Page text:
Caleb let his grin spread. “I like a woman who’s a little crazy.”

* * *

Holly skipped church on Sunday because she simply couldn’t bear to show her face there—yet. Truth was, she hadn’t shown her face in church for a while. She used Sundays to work or study—or catch up on much-needed sleep. 

She’d prayed and prayed for a different ending with Nathan, and when she didn’t get it, her faith had grown cold, turned hard, sunk to the soles of her feet. She knew her mother would ask, and she should’ve gone, but she couldn’t. 

So when she showed up at Horseshoe Home Ranch on Monday morning, she hadn’t left her house except to get a few groceries and stop by the hardware store for a new shower head. The one in her rental didn’t spray hard enough, and she had a lot of hair to wash and condition every day.

Her new boss, the ranch’s foreman, Jace Lovell, had said there would be a formal staff meeting in the administration lodge. She’d worried needlessly about being able to find it, because as she came down the snow-packed road and eased her truck around the bend, the lodge lived up to its name. It stood two-stories tall and proud, and had obviously been the homestead in the past.

The present homestead sat a hundred yards west of the lodge, twice as big and twice as impressive. The road divided the current homestead from the rest of the ranch buildings, including two horse stables, two large equipment sheds, several other barns and outbuildings, and a long row of cowboy cabins.

Her heart stutter-stepped, but she tamed it back to its normal pulse. She was well-qualified for this job. She had a bachelor’s degree in veterinarian medicine, and she was only here for eight months to get the required hours she needed to apply for graduate school in large animal care. 

Eight months, she repeated like a mantra. She could live in Gold Valley for eight months, drive all the way out to Horseshoe Home for eight months, weather anything for eight months.

She got out of her truck and tugged down the hem of her coat. Not wanting to spend any more time outside than necessary, she hurried toward the administration lodge and up the steps. No one else seemed to be around, and though the sky was barely lighter than twilight, she hadn’t gotten the time wrong. The sun just took forever to rise in February.

She entered the building, breathing in with relief at the blast of heated air.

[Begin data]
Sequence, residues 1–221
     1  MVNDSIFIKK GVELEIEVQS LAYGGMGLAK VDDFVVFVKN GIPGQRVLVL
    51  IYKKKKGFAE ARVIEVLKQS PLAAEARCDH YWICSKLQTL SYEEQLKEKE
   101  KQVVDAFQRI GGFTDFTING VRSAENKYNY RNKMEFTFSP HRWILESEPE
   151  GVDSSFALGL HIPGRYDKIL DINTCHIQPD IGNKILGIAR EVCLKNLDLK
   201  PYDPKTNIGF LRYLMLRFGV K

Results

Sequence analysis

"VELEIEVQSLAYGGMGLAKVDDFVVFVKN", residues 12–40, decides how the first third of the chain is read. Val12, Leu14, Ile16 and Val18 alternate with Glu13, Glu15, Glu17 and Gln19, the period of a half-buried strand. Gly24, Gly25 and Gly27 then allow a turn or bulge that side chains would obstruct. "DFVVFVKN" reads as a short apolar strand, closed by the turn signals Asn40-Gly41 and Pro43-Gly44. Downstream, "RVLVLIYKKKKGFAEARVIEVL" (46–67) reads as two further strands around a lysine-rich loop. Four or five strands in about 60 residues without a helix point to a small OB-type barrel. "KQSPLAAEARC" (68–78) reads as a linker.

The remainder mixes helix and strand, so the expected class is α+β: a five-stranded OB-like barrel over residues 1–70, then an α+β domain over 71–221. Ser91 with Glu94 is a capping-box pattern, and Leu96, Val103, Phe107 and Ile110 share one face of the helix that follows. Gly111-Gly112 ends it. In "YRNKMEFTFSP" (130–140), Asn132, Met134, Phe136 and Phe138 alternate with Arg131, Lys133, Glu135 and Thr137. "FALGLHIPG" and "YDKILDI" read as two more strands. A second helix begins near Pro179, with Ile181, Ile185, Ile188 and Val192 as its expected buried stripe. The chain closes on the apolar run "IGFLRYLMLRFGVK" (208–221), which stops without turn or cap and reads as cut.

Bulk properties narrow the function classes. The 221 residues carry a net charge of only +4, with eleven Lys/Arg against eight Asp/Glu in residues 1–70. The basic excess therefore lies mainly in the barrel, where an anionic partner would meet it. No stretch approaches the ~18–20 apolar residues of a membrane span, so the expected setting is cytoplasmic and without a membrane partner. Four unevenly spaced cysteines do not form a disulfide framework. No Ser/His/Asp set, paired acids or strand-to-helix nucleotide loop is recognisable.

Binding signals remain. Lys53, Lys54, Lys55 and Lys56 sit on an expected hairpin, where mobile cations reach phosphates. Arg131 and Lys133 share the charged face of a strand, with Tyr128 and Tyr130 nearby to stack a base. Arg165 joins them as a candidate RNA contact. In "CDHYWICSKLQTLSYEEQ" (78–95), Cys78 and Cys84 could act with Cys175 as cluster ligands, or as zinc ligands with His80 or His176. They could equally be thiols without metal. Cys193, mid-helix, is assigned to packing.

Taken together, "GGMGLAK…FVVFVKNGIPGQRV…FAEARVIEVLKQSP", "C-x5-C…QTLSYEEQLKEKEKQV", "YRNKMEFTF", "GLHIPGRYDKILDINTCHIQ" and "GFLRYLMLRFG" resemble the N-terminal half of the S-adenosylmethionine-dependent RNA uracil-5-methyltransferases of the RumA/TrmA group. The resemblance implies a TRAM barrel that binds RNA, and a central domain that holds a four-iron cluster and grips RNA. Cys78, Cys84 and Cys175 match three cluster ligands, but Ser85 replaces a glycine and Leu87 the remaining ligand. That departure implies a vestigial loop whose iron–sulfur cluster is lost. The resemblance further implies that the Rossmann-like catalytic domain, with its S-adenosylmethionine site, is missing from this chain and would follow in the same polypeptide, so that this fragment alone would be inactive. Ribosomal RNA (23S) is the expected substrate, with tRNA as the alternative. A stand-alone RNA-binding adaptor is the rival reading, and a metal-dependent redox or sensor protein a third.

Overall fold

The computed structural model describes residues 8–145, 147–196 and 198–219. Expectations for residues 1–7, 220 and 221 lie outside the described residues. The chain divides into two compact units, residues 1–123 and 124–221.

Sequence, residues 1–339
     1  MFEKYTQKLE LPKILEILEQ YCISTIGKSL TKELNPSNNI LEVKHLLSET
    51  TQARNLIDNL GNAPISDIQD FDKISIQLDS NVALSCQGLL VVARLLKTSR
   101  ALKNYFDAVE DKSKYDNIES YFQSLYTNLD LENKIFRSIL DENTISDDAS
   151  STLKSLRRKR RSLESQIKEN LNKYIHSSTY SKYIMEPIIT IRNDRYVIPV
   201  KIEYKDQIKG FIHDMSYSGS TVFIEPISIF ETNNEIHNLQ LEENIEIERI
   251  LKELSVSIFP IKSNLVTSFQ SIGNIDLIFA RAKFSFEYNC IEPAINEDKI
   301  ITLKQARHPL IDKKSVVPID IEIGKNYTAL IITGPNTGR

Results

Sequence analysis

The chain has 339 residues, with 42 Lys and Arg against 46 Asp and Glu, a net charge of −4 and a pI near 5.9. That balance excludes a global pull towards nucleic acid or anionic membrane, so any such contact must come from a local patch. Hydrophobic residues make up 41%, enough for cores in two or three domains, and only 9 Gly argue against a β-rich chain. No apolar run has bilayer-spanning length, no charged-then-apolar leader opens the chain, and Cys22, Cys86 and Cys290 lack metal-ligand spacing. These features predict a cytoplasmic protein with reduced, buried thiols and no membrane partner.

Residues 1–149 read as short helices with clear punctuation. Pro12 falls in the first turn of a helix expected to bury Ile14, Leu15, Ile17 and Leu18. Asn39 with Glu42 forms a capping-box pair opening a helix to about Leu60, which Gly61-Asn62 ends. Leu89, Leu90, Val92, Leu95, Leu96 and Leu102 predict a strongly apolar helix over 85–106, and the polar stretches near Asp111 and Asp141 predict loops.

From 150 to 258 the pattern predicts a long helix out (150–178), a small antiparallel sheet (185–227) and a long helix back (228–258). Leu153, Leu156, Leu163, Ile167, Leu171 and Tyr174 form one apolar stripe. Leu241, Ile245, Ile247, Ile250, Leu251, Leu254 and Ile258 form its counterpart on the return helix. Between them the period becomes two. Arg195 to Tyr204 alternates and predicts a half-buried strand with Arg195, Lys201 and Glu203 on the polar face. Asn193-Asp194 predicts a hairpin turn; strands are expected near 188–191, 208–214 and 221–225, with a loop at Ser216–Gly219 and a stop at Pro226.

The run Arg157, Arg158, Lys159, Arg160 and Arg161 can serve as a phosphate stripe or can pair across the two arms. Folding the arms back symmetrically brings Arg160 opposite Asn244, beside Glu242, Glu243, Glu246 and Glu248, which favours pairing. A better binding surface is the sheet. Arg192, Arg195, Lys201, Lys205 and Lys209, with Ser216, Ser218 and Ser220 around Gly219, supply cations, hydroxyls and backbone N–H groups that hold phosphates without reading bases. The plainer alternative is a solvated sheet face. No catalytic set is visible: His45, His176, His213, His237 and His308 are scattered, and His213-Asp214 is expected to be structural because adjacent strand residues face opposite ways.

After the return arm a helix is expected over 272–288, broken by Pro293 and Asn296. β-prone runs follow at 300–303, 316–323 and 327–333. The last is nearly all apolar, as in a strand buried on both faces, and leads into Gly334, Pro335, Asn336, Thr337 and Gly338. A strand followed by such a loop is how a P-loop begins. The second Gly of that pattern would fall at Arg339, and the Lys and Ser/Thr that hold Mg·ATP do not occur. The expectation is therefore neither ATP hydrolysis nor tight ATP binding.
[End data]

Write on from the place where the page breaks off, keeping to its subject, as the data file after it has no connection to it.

“Holly.” Jace waved from a doorway opposite of her. “In here.”

She wove through a maze of desks, which gradually gave way to long tables with chairs positioned down the sides where the cowboys obviously ate, as a bottle of ketchup still sat in the middle of one table. Her step was sure and strong as she approached the room. Men’s voice filtered out to her, and she froze.

She wasn’t early. If anything, they’d been waiting for her. She should’ve known cowboys got up at the crack of dawn, and an eight-thirty staff meeting meant morning chores were already completed.

Taking a deep breath, she took the few remaining steps to the doorway, a wider swatch of the room coming into view with each passing second. This room held circular tables, all filled with men wearing cowboy hats. Some also wore leather jackets, while some only had on long-sleeved shirts. They all wore jeans and cowboy boots, and the masculine scent of horse and sweat and cologne assaulted her.

“Boys,” Jace started and the room quieted. “This is our new veterinarian, Holly Gray.”

Twenty-five pairs of eyes landed on her, and she was extremely glad she’d worn the fitted, olive-colored coat. Not that it offered much protection from the gazes of all those men. At least she’d fit in because she wore jeans and boots too.

“Good morning,” she said.

“She’ll be running our medical clinic this spring, and I expect you all to show her how we do things here at Horseshoe Home.”

One of the men leaned toward another and whispered something. They both smiled and chuckled, and Holly found somewhere else to look. She’d been up at the crack of dawn too, thank you very much. Not a lock of hair sat out of place, and her makeup was flawless. Maybe not the most practical when she’d be working with animals all day, but she wanted the cowboys to take her seriously. 

Her eyes landed on Nathan Chamberlain, and her face split into a grin. When he’d broken off their engagement five years ago, he’d had two years of college left. Maybe he’d been as devastated as she’d been. Maybe he’d quit school and had been working at Horseshoe Home all this time.

She’d left town, unable to stay in such a small space with him. It had taken her a lot longer than eight months, but she’d let him go. But looking at him now, she wasn’t so sure she’d made the right decision. He looked away from her as Jace said she could go ahead and sit. Somehow she got her feet to move, got her knees to bend, got herself out of the spotlight.

What Readers are Saying

⭐⭐⭐⭐⭐ “Wow! Another great love story from Liz! Great characters, lots of action, funny parts, serious parts, searching for faith, learning to lean on faith. Just a wonderful read that you will enjoy.” ~Phycilla

⭐⭐⭐⭐⭐ “I liked the ups and downs and twists of this story. I really didn’t know what to expect! A trope I haven’t read before and a story that really gripped me.” ~Michaela

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Inspirational tales of love, faith, and second chances in the heart of Montana. Come fall in love with your next cowboy boyfriend!

In this heartwarming series of Christian cowboy romance novels by USA Today bestselling author Liz Isaacson, each standalone tale is an invitation to explore the intertwined lives of rugged cowboys and the resilient women who win their hearts.